The problem goes a little further, however. The power to proscribe can be exercised under clause 3 if the organisation to be proscribed is engaged in terrorist activity, but that test should not be sufficient. For reasons that we have demonstrated in previous debates, many organisations pursue activities that are capable of constituting terrorist activities, but their activities are not such that the House would think it proper, right, appropriate or in the public interest to proscribe them. Thus the real question that the House ought to consider is not a judicial filter, but whether the proscribing power should be extended so that, first, the organisation has to be committing acts of terrorism and, secondly, it is in the public interest to proscribe them. Unless the second test is written in, it will be possible to proscribe simply because an organisation is pursuing activities that fall within the definition of terrorism.

That takes us back to the miners, demonstrators and hunt saboteurs who pursue activities as defined, but nobody wants them proscribed, however beastly they may be. We should, therefore, build into clause 3 a further test that addresses the public interest.

Mr. Lidington

I shall speak to amendments Nos. 162 and 163, which stand in my name, and then comment briefly on the amendments moved by the hon. Member for Southwark, North and Bermondsey (Mr. Hughes).

Amendments Nos. 162 and 163 would require the Lord Chancellor to consult the chairman of the Intelligence and Security Committee about appointments to the proscribed organisations appeal commission and about the rules under which that commission should operate.

I do not want to labour the point, as the subject was alluded to earlier. I tabled amendments Nos. 162 and 163 because it is important to find a way in which to involve the Intelligence and Security Committee, and the Select Committee system more generally, in overseeing the work that the Bill will set in hand.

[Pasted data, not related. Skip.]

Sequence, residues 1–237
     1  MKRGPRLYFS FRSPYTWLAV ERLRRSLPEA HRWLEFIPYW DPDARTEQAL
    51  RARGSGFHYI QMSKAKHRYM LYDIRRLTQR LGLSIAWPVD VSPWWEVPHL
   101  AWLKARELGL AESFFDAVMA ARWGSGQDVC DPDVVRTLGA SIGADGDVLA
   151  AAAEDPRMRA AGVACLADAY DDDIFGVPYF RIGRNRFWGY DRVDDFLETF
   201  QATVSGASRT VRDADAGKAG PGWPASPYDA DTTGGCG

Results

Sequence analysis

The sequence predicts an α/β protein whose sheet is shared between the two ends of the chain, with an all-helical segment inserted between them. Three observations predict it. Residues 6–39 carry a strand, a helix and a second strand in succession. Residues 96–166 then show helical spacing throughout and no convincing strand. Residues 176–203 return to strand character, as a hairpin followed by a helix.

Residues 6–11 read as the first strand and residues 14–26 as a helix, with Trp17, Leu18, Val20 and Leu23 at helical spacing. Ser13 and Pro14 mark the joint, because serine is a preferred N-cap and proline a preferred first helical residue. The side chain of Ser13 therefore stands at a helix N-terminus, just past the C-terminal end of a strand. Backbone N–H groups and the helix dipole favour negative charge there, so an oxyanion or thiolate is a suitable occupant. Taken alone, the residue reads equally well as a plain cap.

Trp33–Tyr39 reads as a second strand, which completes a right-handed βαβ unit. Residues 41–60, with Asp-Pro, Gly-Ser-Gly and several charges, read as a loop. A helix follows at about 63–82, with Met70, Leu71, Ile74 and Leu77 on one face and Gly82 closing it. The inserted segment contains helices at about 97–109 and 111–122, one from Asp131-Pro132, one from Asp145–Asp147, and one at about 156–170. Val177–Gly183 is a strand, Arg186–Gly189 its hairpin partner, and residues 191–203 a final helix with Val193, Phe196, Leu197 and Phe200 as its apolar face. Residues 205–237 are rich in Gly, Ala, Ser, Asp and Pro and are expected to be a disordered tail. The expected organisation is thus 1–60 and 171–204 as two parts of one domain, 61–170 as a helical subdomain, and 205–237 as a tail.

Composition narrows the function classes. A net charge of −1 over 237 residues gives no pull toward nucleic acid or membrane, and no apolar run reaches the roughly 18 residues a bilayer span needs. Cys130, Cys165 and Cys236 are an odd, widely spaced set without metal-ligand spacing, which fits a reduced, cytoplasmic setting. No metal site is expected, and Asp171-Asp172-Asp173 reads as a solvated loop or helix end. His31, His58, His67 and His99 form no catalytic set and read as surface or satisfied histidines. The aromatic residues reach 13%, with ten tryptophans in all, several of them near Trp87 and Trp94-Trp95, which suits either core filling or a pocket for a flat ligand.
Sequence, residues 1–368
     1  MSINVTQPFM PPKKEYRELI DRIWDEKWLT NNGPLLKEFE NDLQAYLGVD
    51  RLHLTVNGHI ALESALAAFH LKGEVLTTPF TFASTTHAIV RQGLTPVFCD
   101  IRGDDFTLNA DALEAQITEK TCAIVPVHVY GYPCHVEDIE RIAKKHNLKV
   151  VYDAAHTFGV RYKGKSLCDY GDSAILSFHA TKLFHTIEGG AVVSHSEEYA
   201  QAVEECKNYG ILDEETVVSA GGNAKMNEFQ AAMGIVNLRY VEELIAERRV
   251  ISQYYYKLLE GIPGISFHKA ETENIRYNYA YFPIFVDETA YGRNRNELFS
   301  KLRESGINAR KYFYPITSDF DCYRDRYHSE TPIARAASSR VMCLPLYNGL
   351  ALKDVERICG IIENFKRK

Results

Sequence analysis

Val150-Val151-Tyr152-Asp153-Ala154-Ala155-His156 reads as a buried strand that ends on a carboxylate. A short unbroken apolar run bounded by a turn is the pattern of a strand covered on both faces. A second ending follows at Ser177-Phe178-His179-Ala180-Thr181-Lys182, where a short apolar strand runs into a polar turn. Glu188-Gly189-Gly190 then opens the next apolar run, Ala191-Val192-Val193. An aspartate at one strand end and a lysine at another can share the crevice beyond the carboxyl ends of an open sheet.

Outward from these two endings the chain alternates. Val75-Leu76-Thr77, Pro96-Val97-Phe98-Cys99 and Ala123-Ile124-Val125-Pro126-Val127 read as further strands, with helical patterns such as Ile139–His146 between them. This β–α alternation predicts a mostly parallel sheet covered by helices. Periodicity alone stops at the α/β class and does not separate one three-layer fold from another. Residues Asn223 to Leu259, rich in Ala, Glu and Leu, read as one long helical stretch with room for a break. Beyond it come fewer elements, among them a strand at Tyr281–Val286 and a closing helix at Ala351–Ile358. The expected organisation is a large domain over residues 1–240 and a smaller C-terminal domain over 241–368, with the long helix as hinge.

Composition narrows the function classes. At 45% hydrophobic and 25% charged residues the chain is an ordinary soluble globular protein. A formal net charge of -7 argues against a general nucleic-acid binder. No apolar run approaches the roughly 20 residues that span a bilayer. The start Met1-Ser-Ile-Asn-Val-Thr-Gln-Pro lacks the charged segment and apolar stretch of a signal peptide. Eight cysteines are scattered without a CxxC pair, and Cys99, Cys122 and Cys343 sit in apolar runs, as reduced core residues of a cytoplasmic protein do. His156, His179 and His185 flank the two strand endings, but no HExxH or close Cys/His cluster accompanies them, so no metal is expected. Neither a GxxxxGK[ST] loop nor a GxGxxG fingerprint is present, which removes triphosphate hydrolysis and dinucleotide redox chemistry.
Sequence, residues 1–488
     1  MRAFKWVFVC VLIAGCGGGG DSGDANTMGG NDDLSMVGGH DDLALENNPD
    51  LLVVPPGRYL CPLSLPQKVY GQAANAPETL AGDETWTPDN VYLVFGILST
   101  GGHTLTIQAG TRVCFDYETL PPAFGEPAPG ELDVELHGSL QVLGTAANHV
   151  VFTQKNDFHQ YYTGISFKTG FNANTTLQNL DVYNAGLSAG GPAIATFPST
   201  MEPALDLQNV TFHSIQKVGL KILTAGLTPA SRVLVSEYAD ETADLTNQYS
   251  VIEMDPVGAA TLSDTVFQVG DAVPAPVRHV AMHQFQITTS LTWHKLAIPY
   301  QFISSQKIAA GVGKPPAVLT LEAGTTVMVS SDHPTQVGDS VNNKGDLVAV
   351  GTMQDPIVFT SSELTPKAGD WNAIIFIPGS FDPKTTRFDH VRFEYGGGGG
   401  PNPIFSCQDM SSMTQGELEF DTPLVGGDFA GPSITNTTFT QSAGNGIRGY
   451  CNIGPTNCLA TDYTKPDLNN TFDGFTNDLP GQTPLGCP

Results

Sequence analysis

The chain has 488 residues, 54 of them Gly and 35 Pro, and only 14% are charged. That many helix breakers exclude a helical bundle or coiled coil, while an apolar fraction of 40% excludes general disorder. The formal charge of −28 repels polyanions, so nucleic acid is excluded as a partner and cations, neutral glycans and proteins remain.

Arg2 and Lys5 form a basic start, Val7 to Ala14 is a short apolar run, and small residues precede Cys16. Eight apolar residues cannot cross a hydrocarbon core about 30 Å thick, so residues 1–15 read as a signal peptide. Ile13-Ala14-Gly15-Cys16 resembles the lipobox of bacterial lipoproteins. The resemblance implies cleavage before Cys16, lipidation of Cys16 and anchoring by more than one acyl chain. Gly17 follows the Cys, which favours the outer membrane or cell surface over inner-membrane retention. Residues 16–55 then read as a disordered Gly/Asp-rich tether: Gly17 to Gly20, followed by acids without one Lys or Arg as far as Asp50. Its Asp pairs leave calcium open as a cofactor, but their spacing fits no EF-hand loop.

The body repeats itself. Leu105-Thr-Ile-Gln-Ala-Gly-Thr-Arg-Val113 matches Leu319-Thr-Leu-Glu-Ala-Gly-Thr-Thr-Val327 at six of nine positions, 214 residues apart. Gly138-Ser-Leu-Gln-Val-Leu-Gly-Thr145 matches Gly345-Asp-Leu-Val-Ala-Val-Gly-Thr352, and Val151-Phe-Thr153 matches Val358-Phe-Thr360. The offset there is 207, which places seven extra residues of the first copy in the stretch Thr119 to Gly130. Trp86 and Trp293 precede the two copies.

We are in the course of establishing a range of commissions, authorities and commissioners, whose duty will be to oversee Ministers' work in respect of various aspects of security and intelligence, and it is time to give serious thought to how best to involve parliamentarians in appropriate scrutiny and oversight of that work.

I am dubious about amendments Nos. 186 and 187. The decisions that the Bill requires of the Secretary of State in respect of proscription are exactly the sort of responsibility that Secretaries of State are there to carry out. If we ask a judge to look at acutely sensitive security material—perhaps details of informants—we are putting that judge in an invidious position, as it would be normal judicial practice to look at both sides of the argument and, if possible, to allow either party to make representations about the other's evidence.

Under the amendments, we would be asking the Lord Chief Justice and others to take on what is properly a role for the Executive. It is right that Parliament should hold the Secretary of State to account for such important decisions. If Parliament does not have confidence in the persuasiveness of a Secretary of State's argument, it has the right and the responsibility to refuse the order and leave the organisation unproscribed. That is proper parliamentary accountability and the better way to proceed.

Mr. Charles Clarke